AIDS/HIV
Because of poor study design, data on the role of prayer in AIDS-related illnesses and hospitalizations cannot be considered conclusive.

Rheumatoid arthritis
Early research suggests that in-person intercessory prayer may reduce pain, fatigue, tenderness, swelling, and weakness when used in addition to standard medical care. Better-quality research is necessary to make a recommendation.


 


Burn patients
Limited research in burn patients reports improved outcomes associated with prayer. However, these results cannot be considered conclusive because of poor study design.

Birth complications
Initial studies report fewer birth complications in people who are religious or who pray. Well-designed studies are needed to support these results.

Blood pressure control
Intercessory prayer shows no effects on blood pressure in early studies. Further research may provide better information.

Alcohol or drug dependency
Intercessory prayer shows no effects on alcohol or drug dependency. Further research may provide better information.

Higher pregnancy rate during in vitro fertilization
The potential effect of intercessory prayer on pregnancy rates in women being treated with in vitro fertilization-embryo transfer has been studied. Preliminary results seem positive, but further research is necessary.

Longer survival in the elderly
Preliminary study suggests that older adults who participate in private religious activity before the onset of impairment in activities of daily living appear to have a survival advantage over those who do not. Further research is needed to confirm these results.

Couple interaction during conflict
Prayer appears to be a significant "softening" event for religious couples, facilitating reconciliation and problem-solving based on one study.

Smoking
There is some research that suggests that religiously active persons may be less likely to smoke cigarettes or, if they do smoke, may be likely to smoke fewer cigarettes.

Psychological well-being in homeless women
Forty-eight percent of the women in one study reported that the use of prayer significantly related to less use of alcohol and/or street drugs, fewer perceived worries, and fewer depressive symptoms. Further research is needed before a firm conclusion can be drawn.

Sickle cell anemia
Prayer has been studied as a coping mechanism for patients with sickle cell disease with mixed results.

Diabetes
Prayer has not been shown to help prevent or treat diabetes or related health issues. Diabetes should be treated by a qualified health care provider using proven therapies.

 


Unproven Uses

Prayer has been suggested for many other uses, based on tradition or on scientific theories. However, these uses have not been thoroughly studied in humans, and there is limited scientific evidence about safety or effectiveness. Some of these suggested uses are for conditions that are potentially life-threatening. Consult with a health care provider before using prayer for any use.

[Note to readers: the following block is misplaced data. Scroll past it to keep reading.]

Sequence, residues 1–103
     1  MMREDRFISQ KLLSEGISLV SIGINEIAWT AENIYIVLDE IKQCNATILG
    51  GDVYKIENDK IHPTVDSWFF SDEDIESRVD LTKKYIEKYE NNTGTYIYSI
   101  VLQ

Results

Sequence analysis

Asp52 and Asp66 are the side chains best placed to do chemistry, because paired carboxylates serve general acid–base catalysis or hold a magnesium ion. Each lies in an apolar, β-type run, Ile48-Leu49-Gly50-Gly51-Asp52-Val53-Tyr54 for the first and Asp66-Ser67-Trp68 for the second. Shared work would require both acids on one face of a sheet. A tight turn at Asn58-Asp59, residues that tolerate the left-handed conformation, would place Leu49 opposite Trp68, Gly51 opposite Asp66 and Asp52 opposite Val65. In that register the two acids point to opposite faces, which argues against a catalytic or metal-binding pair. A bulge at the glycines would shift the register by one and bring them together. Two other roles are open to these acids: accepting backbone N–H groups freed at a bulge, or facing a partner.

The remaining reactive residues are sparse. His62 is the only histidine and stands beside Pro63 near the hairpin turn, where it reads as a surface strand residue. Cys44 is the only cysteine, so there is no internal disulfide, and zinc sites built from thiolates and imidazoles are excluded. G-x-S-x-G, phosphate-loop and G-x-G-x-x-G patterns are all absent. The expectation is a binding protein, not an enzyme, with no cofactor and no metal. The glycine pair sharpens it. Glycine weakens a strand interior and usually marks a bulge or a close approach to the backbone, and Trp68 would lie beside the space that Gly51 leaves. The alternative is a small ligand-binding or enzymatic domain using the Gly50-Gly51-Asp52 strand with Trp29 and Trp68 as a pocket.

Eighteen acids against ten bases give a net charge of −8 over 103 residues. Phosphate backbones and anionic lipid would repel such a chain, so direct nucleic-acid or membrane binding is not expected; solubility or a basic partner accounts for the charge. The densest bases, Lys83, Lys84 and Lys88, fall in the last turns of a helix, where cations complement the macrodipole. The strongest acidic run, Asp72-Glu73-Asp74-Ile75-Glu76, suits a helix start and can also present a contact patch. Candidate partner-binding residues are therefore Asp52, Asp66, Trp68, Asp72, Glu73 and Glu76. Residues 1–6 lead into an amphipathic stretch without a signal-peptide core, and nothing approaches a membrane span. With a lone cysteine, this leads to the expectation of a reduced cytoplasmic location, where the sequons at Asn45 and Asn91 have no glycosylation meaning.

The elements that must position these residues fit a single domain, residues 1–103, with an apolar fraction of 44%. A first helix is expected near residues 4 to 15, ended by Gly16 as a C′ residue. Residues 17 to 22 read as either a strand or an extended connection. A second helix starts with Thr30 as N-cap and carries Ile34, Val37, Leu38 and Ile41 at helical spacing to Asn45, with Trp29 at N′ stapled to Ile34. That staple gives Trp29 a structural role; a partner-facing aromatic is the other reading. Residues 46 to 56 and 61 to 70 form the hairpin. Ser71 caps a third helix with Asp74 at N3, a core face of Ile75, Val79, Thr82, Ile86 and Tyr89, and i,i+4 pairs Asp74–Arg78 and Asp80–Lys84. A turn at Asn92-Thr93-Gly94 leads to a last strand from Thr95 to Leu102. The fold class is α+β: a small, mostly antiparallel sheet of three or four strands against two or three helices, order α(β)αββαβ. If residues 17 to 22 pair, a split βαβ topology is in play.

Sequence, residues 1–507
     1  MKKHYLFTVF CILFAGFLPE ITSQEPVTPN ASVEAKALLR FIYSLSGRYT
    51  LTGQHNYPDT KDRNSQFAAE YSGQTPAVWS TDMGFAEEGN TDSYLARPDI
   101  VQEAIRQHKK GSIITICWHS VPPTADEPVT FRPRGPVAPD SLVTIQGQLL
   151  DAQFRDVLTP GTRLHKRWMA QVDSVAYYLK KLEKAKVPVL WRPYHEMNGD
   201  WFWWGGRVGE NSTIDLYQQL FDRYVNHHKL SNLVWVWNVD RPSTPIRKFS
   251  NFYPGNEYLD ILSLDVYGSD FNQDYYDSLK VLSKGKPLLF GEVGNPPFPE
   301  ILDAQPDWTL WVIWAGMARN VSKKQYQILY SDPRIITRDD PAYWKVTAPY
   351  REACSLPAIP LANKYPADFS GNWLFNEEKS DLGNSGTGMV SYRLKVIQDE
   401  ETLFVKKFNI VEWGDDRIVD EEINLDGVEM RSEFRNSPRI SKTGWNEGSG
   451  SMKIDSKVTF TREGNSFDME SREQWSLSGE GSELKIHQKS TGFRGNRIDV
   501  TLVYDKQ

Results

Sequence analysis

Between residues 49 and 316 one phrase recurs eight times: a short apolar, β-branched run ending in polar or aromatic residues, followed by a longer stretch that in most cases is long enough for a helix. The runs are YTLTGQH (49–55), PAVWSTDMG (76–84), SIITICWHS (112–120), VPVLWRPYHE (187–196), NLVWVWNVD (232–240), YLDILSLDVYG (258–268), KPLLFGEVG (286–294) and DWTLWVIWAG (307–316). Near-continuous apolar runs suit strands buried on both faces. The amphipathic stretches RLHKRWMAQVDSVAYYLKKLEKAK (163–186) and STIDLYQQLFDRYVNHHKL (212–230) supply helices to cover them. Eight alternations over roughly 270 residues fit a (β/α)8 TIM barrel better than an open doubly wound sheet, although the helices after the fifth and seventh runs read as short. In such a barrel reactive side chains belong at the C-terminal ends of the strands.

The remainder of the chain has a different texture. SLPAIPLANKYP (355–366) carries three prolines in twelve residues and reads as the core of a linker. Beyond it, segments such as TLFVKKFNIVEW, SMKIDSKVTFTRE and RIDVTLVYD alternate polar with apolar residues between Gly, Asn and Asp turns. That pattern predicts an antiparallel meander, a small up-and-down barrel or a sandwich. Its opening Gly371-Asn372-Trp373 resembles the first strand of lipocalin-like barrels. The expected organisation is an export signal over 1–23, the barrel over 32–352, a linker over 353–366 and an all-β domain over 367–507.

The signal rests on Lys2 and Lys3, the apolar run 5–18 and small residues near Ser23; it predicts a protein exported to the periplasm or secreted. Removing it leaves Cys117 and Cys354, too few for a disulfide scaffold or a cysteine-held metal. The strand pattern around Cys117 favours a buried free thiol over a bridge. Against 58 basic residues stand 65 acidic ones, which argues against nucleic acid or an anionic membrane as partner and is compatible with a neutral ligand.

Angioplasty
Anxiety
Arrhythmias
Cystic fibrosis
Depression
Gastrointestinal disorders
Immune system stimulation
Increased cerebral blood flow
Inflammatory dermatoses
Kidney disease
Longevity
Lung disease
Melanoma
Meningitis
Menopause
Mental health
Magnetic resonance imaging (MRI) anxiety
Multiple chemical sensitivity
Neurologic disorders
Pain
Perioperative management
Polio
Prostate cancer
Psychiatric disorders
Psychological well-being in the homeless
Respiratory disease
Schizophrenia
Self-esteem
Spinal cord injury
Spinal cord surgery recovery
Stress
Stroke
Successful liberation from prolonged mechanical ventilation
Wound healing

Potential Dangers

Prayer is not recommended as the sole treatment for potentially severe medical conditions, and it should not delay the time it takes to consult with a qualified health care provider. Sometimes, religious beliefs conflict with standard medical approaches, and therefore open communication between patients and caregivers is encouraged.


 


Summary

Prayer has been suggested for many health conditions. Available scientific studies have not proven prayer to be more safe or effective than other treatments. It is not recommended that you rely on prayer alone to treat potentially dangerous medical conditions, although prayer may be used in addition to standard medical care. Speak with your health care provider if you are considering prayer therapy.

The information in this monograph was prepared by the professional staff at Natural Standard, based on thorough systematic review of scientific evidence. The material was reviewed by the Faculty of the Harvard Medical School with final editing approved by Natural Standard.

Resources

  1. Natural Standard: An organization that produces scientifically based reviews of complementary and alternative medicine (CAM) topics
  2. National Center for Complementary and Alternative Medicine (NCCAM): A division of the U.S. Department of Health & Human Services dedicated to research